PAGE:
§ Mr. Ewing
The effect of Amendment No. 347 is to disapply the wordsor fuel or field garden allotmentin the application of Clause 39(1) to Scotland. Clause 39(1) sets out the circumstances under which the Secretary of State may acquire land in addition to that needed for public service.
Amendment No. 347 is consequential.
§ Amendment agreed to.
Amendment made: No. 347, in page 36, line 24, at end insert—
'In the application of this subsection to Scotland the words "or fuel or field garden allotment" shall be omitted. '.—[Mr. Harry-Ewing.]
§ Mr. Oakes
These Government amendments arise from an undertaking which 1239 was given in Committee when Opposition Members were concerned about the point. Perhaps I can briefly explain them. Any use of the acquisition powers extended by subsection (2) will be founded on a basic requirement for land for public use, for example, Government offices. Only when such a requirement exists will the question arise whether other developments not actually required for public service use ought to be combined with the public service development. Although the motivation for the acquisition and development will be the needs of the public service, it does not follow that in all such cases the public service will need to occupy the greater part of the development in physical terms.
In future, when a public service development is proposed and the local authority indicates, in the course of its normal consultation procedure, that it considers a mixed public and private development as the most suitable approach for the area, the effect of this amendment comes into operation. It is basically in response to an undertaking which we gave in Committee.
§ Mr. Sainsbury
We are back with the consequences of my old friend the Commission of Works Act 1852 about which I remember writing reports a long time ago.
In Committee we suggested the word "primarily" instead of "partly". The helpful notes with which we have been supplied suggest that this change in wording is to meet the point raised in Committee that this kind of development should be where the majority of the accommodation would be for the public service. I am not clear from what the hon. Gentleman said that using the wordsnot only for the public service but alsomakes that absolutely clear, although it is implied in the notes. Is there any precedent for using the wordsnot only for the public service but alsowhich implies that the majority of the development must be for the public service, as was the point in the debate in Committee and as is implied in the notes on the effect of the amendment?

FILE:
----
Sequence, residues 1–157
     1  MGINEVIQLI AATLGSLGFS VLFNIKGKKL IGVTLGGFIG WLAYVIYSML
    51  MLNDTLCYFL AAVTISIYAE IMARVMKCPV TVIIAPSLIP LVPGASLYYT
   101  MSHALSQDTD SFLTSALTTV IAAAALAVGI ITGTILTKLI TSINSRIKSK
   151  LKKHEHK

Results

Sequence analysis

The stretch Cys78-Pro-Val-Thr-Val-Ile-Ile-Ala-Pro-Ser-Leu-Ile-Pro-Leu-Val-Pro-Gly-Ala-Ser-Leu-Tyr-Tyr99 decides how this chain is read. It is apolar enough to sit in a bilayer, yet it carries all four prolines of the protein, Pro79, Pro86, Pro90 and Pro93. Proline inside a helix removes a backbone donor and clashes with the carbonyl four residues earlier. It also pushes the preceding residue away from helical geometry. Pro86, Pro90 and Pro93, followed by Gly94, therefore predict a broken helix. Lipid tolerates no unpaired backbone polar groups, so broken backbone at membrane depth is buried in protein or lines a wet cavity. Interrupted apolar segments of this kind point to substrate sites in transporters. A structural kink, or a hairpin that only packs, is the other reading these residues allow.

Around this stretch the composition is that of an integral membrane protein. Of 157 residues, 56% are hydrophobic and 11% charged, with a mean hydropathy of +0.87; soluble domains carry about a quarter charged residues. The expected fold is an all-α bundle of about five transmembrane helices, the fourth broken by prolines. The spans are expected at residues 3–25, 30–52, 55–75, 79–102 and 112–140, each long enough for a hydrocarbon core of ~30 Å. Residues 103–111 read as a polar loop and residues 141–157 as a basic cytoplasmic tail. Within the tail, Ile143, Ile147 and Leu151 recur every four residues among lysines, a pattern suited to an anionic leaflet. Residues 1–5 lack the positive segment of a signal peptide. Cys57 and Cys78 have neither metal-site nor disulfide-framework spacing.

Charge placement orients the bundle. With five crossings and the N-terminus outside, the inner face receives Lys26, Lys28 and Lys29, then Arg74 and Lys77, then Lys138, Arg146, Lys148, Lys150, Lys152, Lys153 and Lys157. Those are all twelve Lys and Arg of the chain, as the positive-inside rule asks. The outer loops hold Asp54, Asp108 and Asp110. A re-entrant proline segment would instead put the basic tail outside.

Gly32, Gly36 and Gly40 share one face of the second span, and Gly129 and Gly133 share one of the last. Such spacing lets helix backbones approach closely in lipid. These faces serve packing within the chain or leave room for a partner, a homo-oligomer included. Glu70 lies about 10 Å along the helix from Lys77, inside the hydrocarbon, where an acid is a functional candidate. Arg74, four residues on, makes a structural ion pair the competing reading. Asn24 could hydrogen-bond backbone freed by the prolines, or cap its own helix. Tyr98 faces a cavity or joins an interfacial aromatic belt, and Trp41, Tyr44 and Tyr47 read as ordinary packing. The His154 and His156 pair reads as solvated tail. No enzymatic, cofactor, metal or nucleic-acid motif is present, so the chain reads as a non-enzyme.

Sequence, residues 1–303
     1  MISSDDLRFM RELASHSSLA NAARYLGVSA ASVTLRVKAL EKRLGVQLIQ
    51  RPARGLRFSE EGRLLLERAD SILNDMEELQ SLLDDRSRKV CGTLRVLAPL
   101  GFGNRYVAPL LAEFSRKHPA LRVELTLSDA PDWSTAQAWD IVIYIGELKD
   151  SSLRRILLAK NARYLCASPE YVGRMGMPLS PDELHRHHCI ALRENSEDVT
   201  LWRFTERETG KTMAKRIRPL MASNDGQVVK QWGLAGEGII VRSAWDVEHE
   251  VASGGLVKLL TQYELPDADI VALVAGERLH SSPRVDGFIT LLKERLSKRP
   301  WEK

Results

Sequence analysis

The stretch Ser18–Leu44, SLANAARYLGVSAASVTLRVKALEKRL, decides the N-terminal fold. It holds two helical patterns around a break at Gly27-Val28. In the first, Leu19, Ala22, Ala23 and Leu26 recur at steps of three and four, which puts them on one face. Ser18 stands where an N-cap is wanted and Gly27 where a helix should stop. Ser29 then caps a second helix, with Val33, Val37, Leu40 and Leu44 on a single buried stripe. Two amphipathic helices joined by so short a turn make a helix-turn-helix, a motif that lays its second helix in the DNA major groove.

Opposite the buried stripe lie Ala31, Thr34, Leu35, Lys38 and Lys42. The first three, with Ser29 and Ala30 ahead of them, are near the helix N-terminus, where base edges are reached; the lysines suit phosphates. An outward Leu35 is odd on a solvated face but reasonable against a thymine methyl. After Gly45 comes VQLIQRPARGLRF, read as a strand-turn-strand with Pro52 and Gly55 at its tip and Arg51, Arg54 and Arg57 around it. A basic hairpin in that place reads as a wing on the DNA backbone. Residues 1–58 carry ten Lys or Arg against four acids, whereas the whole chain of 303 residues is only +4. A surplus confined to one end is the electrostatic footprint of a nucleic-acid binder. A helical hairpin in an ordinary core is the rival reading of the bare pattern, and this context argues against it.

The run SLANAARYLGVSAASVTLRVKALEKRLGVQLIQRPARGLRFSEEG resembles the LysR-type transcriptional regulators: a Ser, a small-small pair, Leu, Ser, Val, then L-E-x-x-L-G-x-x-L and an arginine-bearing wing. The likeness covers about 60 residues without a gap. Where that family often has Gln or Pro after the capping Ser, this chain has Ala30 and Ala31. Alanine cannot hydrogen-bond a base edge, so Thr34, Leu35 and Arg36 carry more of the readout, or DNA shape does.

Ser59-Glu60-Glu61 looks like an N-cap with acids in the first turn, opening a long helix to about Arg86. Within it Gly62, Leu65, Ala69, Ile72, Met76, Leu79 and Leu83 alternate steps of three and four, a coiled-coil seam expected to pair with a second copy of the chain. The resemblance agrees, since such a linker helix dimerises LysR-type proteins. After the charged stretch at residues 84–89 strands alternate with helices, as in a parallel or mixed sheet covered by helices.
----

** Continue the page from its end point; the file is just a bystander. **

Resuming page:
§ Mr. Graham Page
I agree with my hon. Friend the Member for Hove (Mr. 1240 Sainsbury). The intentions may be very good and laudable in endeavouring to meet the point raised by my hon. Friends and myself in Committee, but I cannot see how they have met that point.
We were seeking to ensure that an authority should not take over land ostensibly for use for the public service and then develop it for other purposes—perhaps keeping one room as a Government office and disposing of the whole of a 20-storey block for commercial purposes.
In Committee I suggested that if we said that land should be acquired primarily for the public service but could be used for other purposes, that would meet the case. The wording in the amendment,it is proposed to use not only for the public service but also",does not seem to meet the point at all. I wonder why the Minister did not adopt the obvious phraseology of saying that the public service should be the primary purpose and instead chose the words now in the amendment which do not alter the position about which we were complaining in Committee.
§ Mr. Oakes
I think that the words do alter the situation. That was their intention.
The original Opposition amendment in Committee proposed that the land should be used primarily for the public service or mainly or any words meaning or implying more than 50 per cent.
The Government's amendments approach the matter in a different way, emphasising, by positioning the words,it is proposed to use not only for the public service but also",before paragraphs (a) and (b), that the acquisition for use for other purposes must be justified by the factors set out in those paragraphs. That is why this subsection is amended in the way that is proposed.
The mixed development will usually be in the form of Government offices on top of public amenities such as shops, other offices, a restaurant, and so on. The public service element in that type of development would be the major element in physical terms. However, this will not necessarily be so in all cases of mixed development. For example, a small Government office might be required in a particular location where, for economic and 1241 environmental reasons, it is necessary to develop to a much greater extent. In that situation, the public service element would not predominate in physical terms, but would be no less essential concerning the siting of the office.
§ Amendment agreed to.
Amendment made: No. 230, in page 36, line 31, leave out:
'it is proposed to use partly for the public service and partly'.—[Mr. Oakes.]